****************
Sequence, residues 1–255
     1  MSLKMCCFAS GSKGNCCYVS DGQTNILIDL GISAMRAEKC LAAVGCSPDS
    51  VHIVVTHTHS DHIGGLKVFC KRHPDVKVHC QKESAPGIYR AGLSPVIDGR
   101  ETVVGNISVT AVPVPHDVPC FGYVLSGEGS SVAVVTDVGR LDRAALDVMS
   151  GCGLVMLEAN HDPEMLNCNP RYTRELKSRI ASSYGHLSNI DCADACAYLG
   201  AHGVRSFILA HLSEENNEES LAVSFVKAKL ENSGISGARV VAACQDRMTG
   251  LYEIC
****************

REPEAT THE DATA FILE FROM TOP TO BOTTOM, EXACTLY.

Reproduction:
Sequence, residues 1–255
     1  MSLKMCCFAS GSKGNCCYVS DGQTNILIDL GISAMRAEKC LAAVGCSPDS
    51  VHIVVTHTHS DHIGGLKVFC KRHPDVKVHC QKESAPGIYR AGLSPVIDGR
   101  ETVVGNISVT AVPVPHDVPC FGYVLSGEGS SVAVVTDVGR LDRAALDVMS
   151  GCGLVMLEAN HDPEMLNCNP RYTRELKSRI ASSYGHLSNI DCADACAYLG
   201  AHGVRSFILA HLSEENNEES LAVSFVKAKL ENSGISGARV VAACQDRMTG
   251  LYEIC